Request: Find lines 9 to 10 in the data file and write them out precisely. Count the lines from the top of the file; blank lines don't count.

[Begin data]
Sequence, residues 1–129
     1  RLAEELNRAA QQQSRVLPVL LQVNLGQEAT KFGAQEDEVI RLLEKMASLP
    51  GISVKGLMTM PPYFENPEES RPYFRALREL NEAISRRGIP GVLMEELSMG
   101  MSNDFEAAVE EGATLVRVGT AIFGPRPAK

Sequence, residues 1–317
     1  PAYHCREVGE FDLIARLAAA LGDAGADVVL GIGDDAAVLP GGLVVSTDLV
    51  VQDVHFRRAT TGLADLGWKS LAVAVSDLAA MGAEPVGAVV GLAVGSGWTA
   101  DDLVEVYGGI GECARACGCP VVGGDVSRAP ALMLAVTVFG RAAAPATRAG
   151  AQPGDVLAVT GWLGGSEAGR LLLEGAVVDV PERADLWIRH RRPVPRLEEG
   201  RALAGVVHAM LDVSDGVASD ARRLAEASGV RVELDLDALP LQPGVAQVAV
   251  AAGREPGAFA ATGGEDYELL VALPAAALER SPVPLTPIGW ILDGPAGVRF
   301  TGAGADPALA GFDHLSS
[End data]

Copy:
   151  AQPGDVLAVT GWLGGSEAGR LLLEGAVVDV PERADLWIRH RRPVPRLEEG
   201  RALAGVVHAM LDVSDGVASD ARRLAEASGV RVELDLDALP LQPGVAQVAV